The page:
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A well-implemented SIEM platform is key to maintaining a robust cyber security posture.

However, SIEM requires the effective application of use cases or threat detection rules to achieve its full potential.

In the first of this two-part series, we outline the importance of SIEM use cases (or rules) and the limitations of relying upon those provided out of the box with SIEM platforms.

 

What is SIEM?

Security Information and Event Management (SIEM) is a set of integrated log management and monitoring tools that help organisations detect and respond to cyber-attacks.

SIEM systems aggregate, normalise and correlate log event information from endpoints, infrastructure, and applications in order to detect potentially malicious activity. When anomalous behaviour is identified, an alert is generated for investigation.

Used effectively, SIEM can help organisations to detect threats on their networks, identify potential Indicators of Compromise (IOCs), and much more.

 

The value of SIEM use cases

The impact of SIEM lies in its capacity to ingest data from a multitude of log sources and correlate relevant events. With each organisation having different sources and events, it is important to focus on correlations most likely to indicate a cyber-attack. This type of analysis results in a use case or threat detection rule – a set of logical conditions used to identify potentially malicious behaviour.

SIEM platforms typically include a standard set of out of the box, pre-defined use cases. Each rule evaluates the data ingested and raises an alert when a potentially malicious pattern of events is identified. Alerts are reviewed by an organisation’s in-house or outsourced security team and, in some cases, are used to trigger automated responses.

Use cases generally fall into one of the three categories of the traditional CIA triad – confidentiality, integrity, and availability. This helps security teams to determine which element(s) are the most important for their organisation in its security posture and informs the consequent prioritisation of security tasks.

 

Learn more about best practices for creating customised SIEM use cases from a recent Kroll and Redscan webinar.

 

MITRE ATT&CK and SIEM use cases

To achieve comprehensive detection capability, organisations must consider how to implement coverage of behaviours across the MITRE ATT&CK framework. However, while many security professionals are aware of the general Enterprise matrix related to traditional IT environments, the specialised matrices which cover aspects such as Cloud, Network and Containers are often overlooked. Out of the box use cases often fail to address contemporary threat actor tactics and focus heavily on requirements such as retention and compliance.

Types of use cases that rules can be set up for include:

  • Malware – Targeted rules ensure that threats from common malware types are promptly contained and eliminated.
  • Lateral movement – Authentication-based use cases support the detection of the lateral movement of attackers through systems and accounts.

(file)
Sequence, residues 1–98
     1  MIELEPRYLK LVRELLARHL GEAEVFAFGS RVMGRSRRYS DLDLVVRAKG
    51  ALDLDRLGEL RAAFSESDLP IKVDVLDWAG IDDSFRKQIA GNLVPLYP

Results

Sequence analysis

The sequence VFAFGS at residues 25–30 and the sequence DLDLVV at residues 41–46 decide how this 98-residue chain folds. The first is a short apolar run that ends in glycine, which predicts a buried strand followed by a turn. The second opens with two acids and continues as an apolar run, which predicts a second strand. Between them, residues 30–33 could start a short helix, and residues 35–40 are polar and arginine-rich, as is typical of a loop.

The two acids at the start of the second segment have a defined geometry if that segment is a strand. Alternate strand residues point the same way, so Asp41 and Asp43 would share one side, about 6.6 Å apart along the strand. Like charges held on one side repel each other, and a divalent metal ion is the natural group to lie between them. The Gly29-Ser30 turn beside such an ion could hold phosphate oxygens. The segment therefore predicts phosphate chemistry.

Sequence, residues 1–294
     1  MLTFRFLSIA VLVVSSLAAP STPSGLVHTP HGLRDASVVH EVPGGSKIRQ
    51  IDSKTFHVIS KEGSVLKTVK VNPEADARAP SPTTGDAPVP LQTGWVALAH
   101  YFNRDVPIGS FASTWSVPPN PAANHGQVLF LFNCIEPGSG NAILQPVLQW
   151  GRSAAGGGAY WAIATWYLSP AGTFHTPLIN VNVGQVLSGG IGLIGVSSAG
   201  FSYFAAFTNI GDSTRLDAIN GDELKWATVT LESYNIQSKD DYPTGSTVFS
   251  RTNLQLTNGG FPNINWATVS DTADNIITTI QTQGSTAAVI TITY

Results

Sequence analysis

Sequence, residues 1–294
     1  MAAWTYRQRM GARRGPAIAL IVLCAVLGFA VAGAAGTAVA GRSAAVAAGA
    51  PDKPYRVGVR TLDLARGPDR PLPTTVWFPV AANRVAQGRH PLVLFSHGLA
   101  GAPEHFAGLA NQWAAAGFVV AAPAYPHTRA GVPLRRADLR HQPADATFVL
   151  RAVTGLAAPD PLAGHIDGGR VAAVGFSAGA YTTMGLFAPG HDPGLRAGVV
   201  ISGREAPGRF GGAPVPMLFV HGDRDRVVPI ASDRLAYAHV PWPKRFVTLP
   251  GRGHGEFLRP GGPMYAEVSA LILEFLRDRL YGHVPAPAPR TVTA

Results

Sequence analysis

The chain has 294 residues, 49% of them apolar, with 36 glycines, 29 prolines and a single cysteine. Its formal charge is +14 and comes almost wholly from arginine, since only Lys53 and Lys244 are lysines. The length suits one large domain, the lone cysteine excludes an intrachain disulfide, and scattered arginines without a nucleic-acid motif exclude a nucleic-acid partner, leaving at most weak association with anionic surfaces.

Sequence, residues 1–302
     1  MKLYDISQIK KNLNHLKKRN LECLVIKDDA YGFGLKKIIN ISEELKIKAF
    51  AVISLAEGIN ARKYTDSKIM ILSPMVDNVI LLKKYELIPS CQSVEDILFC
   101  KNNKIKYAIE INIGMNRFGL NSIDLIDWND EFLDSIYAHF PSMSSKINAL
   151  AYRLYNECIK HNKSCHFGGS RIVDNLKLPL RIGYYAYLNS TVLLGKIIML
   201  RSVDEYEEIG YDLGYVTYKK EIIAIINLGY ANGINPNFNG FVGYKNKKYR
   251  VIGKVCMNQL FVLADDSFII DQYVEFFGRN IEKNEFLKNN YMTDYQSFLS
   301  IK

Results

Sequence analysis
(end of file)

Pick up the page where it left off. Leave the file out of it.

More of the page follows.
• Data modification and exfiltration – File monitoring and network egress use cases defend against sensitive data being modified, stolen, or erased.
  • Phishing – Email-based use cases support action to identify and defend against suspicious activity associated with phishing attacks.
  • Cloud-focused threats – With the ongoing trend of cyber security threats specifically targeting assets and data in the cloud, rules can be designed to help monitor specific cloud and hybrid environments.

 

The limitations of out of the box use cases

Even when out of the box use cases are focused on threat detection, they may quickly become stale and fail adapt to the latest threats. Implementing a process of ongoing detection creation and tuning provides protection against emerging security risks.

It’s all too easy to assume that investing in an out of the box SIEM means that the use cases it comes with are set up to work immediately. However, the reality is that a great deal of tuning and reconfiguration is required to ensure that they perform effectively.

Out of the box use cases can trigger many false positives, while simultaneously failing to provide appropriate coverage for the specific technologies deployed within the environment.

Added to this, out of the box use cases are often geared toward the detection of compliance issues or improving IT operational effectiveness, but are not external-threat or adversary-orientated, which can create significant gaps in an organisation’s security coverage.

 

Maximising the value of SIEM

While pre-defined SIEM rules provide a basic level of performance, businesses need to be able to develop their own bespoke rules in order to expand threat coverage and visibility across their environments. By doing so, they are less likely to waste money buying and deploying a solution which does not fully meet all of their security priorities, particularly around detection of novel and emerging threats.

Developing a set of bespoke use cases will enable you to minimise the risk of cyber-attacks going undetected and impacting your organisation’s finances, reputation and compliance status. We’ll explore what’s involved with achieving this in the second part of this blog series.

 

Learn more about our managed SIEM services